Western Wagon was also active in property dealings. In the 1900s it became involved in the 'garden suburb' movement. Filton, at the northern end of Bristol's tramway system, was developed by the company. There is a superb collection of newscuttings, publicity material and legal documents relating to the Filton Park Estate, 1904-1931. The firm's contribution to the development of Bristol should fascinate urban historians. Moreover, in view of its interest in Filton, it is hardly surprising to find that Western Wagon played a part in establishing and sustaining the British & Colonial Aeroplane Co. The factory and airfield was built on its land, and it was to Western Wagon that White turned for financial support. A register of securities shows that by May 1914 he had received loans totalling £180,000. Clearly, an examination of Western Wagon's records - despite their apparently unpropitious nature - is necessary to an understanding of White's business activities and the growth of the Bristol region.
The tramways, stockbroking and Western Wagon papers make up the greater part of the George White collection. There are in addition various documents and personal papers which shed light on White's attitudes towards his workforce and his place in Bristol's social and business life. He was a staunch member of the Conservative Club, fiercely opposed to trade unionism. Any employee was liable to dismissal on joining a union. When attempts were made to unionise the Bristol tramways workforce in the early 1900s, he responded with a publicity campaign against 'interference by outside interests', and granted financial rewards to loyal workers. White accepted a measure of responsibility for the welfare of his workforce. His creation of Bristol Tramways' provident fund is well documented in the collection. White was also an increasingly influential and popular figure in Bristol, especially after 1900 when he became heavily involved in philanthropic work. He was President of the Bristol Royal Infirmary from 1906, and administered the work of the Red Cross in Bristol. These efforts are documented in two volumes of newscuttings and regular correspondence with charitable institutions. Despite his many commitments, White remained strongly attached to Bristol. He often responded generously to appeals from local charities.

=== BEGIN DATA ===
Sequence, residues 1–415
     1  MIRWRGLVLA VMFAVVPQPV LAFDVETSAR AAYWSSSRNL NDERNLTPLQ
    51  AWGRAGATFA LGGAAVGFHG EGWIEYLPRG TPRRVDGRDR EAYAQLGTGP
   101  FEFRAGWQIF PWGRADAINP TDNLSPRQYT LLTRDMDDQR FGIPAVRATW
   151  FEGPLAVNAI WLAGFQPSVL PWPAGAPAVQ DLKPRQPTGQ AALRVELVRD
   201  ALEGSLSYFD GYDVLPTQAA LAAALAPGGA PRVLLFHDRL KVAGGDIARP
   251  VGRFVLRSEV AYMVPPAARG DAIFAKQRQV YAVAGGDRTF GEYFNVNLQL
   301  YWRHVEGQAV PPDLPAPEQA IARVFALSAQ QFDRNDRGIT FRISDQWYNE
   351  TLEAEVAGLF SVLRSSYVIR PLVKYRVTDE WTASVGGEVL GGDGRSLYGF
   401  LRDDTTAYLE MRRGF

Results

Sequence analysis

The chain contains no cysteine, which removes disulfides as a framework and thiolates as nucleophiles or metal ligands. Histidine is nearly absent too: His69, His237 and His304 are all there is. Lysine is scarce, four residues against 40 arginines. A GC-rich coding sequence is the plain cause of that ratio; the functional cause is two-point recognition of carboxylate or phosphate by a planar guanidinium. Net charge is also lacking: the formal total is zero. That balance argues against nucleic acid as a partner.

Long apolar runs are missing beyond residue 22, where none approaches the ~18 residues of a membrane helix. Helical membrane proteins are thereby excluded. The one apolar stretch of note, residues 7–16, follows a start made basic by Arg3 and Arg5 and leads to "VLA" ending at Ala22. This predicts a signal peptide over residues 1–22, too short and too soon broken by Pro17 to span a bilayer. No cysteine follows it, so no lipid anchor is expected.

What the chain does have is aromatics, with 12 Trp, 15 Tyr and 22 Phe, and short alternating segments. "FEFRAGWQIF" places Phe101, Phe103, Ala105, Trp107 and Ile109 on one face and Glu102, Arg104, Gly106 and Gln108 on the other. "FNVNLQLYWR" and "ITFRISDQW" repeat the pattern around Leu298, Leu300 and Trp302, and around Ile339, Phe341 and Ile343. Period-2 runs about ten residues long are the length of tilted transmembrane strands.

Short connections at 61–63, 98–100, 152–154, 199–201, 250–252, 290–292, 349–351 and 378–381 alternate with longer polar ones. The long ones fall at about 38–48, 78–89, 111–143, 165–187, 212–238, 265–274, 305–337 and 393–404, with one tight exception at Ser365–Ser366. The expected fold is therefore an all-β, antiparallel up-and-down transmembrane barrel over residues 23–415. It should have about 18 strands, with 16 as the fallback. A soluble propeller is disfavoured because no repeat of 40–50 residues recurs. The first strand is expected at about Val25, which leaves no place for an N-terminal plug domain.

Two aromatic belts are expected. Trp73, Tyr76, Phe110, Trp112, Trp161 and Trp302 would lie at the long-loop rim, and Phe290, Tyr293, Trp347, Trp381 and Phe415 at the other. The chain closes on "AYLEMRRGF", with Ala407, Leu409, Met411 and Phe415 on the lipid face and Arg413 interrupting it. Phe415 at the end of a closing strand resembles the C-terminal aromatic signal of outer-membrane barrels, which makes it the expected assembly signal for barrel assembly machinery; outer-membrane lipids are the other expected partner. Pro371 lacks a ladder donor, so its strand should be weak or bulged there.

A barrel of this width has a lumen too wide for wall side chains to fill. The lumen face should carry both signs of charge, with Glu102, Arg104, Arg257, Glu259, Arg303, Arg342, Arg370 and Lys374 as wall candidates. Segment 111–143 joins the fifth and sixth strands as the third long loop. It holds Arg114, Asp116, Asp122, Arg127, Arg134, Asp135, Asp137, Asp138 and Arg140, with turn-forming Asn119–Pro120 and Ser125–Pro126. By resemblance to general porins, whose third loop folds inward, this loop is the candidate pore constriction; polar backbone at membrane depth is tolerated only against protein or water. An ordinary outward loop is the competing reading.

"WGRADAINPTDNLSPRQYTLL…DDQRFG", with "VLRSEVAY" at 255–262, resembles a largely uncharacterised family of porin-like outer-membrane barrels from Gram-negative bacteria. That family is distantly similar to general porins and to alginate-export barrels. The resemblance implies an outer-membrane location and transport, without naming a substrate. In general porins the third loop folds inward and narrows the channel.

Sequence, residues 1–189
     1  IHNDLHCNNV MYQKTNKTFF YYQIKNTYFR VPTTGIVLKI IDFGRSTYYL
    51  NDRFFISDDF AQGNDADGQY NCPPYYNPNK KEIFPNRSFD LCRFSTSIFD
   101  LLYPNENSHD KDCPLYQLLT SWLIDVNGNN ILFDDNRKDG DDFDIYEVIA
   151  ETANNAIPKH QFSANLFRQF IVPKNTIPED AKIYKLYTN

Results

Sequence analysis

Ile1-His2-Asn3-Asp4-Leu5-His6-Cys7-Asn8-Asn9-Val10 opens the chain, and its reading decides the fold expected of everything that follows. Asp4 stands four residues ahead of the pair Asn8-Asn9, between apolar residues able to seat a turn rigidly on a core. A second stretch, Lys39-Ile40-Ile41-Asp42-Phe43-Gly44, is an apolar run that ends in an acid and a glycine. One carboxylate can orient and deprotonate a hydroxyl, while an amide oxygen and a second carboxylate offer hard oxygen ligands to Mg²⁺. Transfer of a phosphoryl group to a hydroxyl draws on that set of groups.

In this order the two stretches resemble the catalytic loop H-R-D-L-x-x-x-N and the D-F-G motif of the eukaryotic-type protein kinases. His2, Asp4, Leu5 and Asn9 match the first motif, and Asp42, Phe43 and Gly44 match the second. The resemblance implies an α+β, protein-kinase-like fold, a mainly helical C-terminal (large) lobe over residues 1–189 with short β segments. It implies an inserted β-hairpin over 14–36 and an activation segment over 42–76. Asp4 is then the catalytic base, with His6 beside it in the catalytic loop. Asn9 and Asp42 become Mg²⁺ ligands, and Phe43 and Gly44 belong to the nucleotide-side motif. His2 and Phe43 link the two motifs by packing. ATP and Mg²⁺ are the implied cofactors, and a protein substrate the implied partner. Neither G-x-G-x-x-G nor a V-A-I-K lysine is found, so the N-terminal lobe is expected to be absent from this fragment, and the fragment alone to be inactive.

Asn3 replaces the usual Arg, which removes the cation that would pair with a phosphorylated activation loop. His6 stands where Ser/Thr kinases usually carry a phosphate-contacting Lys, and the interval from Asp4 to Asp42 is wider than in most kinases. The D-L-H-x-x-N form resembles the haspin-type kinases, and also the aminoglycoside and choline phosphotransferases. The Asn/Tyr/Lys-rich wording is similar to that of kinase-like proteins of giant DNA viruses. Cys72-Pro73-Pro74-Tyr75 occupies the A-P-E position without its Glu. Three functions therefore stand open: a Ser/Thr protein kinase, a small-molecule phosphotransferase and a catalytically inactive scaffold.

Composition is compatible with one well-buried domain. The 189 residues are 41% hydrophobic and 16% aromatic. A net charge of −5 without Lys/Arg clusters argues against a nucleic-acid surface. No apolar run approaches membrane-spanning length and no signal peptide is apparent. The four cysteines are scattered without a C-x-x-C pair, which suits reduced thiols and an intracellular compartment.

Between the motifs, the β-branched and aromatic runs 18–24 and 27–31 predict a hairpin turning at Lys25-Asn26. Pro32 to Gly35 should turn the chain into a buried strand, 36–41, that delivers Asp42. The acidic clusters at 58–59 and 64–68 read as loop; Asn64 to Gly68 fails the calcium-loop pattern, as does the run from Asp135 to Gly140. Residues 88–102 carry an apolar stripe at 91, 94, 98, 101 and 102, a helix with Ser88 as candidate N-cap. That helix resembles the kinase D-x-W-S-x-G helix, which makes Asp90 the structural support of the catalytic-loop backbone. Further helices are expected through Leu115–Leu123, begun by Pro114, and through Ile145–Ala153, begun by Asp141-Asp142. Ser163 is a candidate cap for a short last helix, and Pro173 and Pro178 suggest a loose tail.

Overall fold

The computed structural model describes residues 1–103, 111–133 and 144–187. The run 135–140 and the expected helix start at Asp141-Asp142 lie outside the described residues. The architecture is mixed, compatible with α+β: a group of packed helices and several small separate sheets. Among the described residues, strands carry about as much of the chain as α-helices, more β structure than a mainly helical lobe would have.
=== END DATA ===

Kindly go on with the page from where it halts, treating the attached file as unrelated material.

The collection is not without its shortcomings. The original order of material has often been lost, especially where boxes or parcels of documents had burst, and there is disappointingly little information about the British & Colonial Aeroplane Co. (The aircraft company retained its own records at Filton, and apparently many have been lost). In addition, all but a few of the records relating to the Main Colliery Co. were transferred to the Glamorgan Record Office in Cardiff, where they remain uncatalogued. Yet, patchy as the collection might be, it is one that will yield valuable information to scholars with many and varied interests. Transport historians and those fascinated by the multifarious dealings of businessmen, in a close-knit community, are especially fortunate. Sir George White and Sir James Clifton Robinson, principal authors of this collection, were shrewd and intriguing characters whose interests ranged widely and whose significance may now, following the preparation of this catalogue, be more fully appreciated.
|Held by:||Bristol Record Office, not available at The National Archives|
|Extent:||4 Sub Fonds|
Sir George White (1854-1916) was a major figure in the development of transport in the United Kingdom. He played a leading part in promoting and operating tramway systems throughout the British Isles. He also acquired substantial interests in railway, dock and shipping companies, such as the Taff Vale Railway and the Great Western Steam-Ship Co. In the early 1900s, he was a pioneer in the manufacture and operation of motor buses and taxis, and in 1910 he established the British & Colonial Aeroplane Co. (later the Bristol Aeroplane Co.), which was to make a major contribution to the development of civil and military aviation in the United Kingdom. His interests, however, spread well beyond the world of transport. He owned a stockbroking business, had interests in brewing and coalmining, and was involved in the garden suburb movement. In later life, he became famous for his philanthopic and charitable work in Bristol and elsewhere, but was also noted for his implacable hostility to trade unionism.